On 6 February, French riot police raided a warehouse in Calais and arrested activists who had been providing humanitarian assistance to destitute migrants in the area.
Just days before the raid, campaigners held a press conference in London to announce the new space in Calais. The project, organised by local activists and housed in a warehouse, funded entirely by donations, was to be a safe space for migrants to express themselves and a venue for basic humanitarian support.
Alexandra, an activist from Calais Migrant Solidarity told the press conference how the situation for migrants had seriously deteriorated since the destruction of the ‘jungle’ (the makeshift camps which had been home to migrants from war-torn countries across the world) in September 2009. She spoke about the existence people eked out in the area, sleeping rough in sub-zero temperatures, the police ‘hunting migrants night and day’ with regular raids on squats, arrests at ports, train stations and on the beach. In a recent incident police officers had poured cold water on blankets used by Afghan boys. Despite draconian French laws forbidding the sheltering of migrants, she vowed activists would ‘do anything possible to keep the project running’. Thomas, a No Borders activist, asked how it could be a criminal offence to offer a cup of tea.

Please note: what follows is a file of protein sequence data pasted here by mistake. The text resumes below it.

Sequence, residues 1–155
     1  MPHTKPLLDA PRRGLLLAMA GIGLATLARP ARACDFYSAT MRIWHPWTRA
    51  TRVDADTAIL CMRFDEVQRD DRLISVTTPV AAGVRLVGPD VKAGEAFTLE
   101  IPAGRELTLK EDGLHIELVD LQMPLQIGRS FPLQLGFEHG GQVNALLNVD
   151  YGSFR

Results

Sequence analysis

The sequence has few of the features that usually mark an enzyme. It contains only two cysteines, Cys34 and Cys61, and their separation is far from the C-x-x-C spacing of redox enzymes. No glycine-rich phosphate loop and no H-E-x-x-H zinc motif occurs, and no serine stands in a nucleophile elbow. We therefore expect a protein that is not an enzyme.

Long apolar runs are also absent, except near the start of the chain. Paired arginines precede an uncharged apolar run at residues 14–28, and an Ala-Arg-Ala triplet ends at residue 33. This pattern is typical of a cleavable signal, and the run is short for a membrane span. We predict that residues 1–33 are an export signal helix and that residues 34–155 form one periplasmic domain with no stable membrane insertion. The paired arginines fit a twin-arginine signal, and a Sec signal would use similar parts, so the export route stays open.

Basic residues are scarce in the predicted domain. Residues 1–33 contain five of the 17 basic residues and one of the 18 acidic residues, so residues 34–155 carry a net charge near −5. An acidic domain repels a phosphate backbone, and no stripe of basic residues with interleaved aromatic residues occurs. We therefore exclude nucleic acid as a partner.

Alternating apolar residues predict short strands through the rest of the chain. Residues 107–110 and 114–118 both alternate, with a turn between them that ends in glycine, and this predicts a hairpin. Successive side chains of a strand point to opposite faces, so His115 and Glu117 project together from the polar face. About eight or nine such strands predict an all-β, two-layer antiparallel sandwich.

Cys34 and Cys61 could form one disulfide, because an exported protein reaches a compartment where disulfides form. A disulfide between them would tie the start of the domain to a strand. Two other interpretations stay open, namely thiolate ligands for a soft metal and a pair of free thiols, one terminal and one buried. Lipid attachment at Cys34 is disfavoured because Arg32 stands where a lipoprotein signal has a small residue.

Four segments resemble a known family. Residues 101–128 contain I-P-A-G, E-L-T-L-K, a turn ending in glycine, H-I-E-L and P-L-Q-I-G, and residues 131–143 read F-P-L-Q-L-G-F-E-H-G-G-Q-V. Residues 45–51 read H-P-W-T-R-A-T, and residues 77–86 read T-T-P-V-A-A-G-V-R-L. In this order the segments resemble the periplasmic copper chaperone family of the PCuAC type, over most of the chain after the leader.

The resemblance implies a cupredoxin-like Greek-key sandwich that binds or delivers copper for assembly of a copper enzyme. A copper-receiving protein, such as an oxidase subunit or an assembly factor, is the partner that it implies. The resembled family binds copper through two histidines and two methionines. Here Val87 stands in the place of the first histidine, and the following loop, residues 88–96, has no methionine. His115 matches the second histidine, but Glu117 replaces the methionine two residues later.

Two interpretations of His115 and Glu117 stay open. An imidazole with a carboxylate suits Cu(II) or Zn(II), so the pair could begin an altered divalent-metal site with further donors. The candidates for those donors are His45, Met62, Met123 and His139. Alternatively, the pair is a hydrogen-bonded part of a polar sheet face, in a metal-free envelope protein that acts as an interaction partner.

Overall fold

On Saturday 6 February, police attempted to stop people from gaining access to the warehouse, by sealing off all the roads. However about 100 migrants from Afghanistan, Iran, Kurdistan, Eritrea, and Ethiopia with their supporters managed to enter the building. Police stopped anyone else getting in but allowed people to leave. By the following day, according to the Migrant Solidarity website: ‘As the numbers began to dwindle, more and more police arrived. The remaining migrants were told to leave or be arrested. All left. After the migrants had left, riot police threatened to smash their way in to the building after completely surrounding it, and blocking the view of the media by using two large vehicles. Riot police smashed the door to the warehouse and all the activists who were inside the building were arrested. One British activist received ten stitches in hospital. The centre has now been welded shut. A legal challenge is now in the pipe line.’
Alex Parks, an activist commented: ‘The authorities in Calais have been trying to remove migrants from Calais for years without success, because they are in denial about the terminal reality of the un-equal world we live in. This is not over, solidarity and resistance for the right to freedom of movement will continue in Calais.’
Read more about the events at the weekend at the Calais Migrant Solidarity website.
Download an IRR report on how those who seek to act in solidarity with the undocumented are being criminalised (pdf file, 180kb)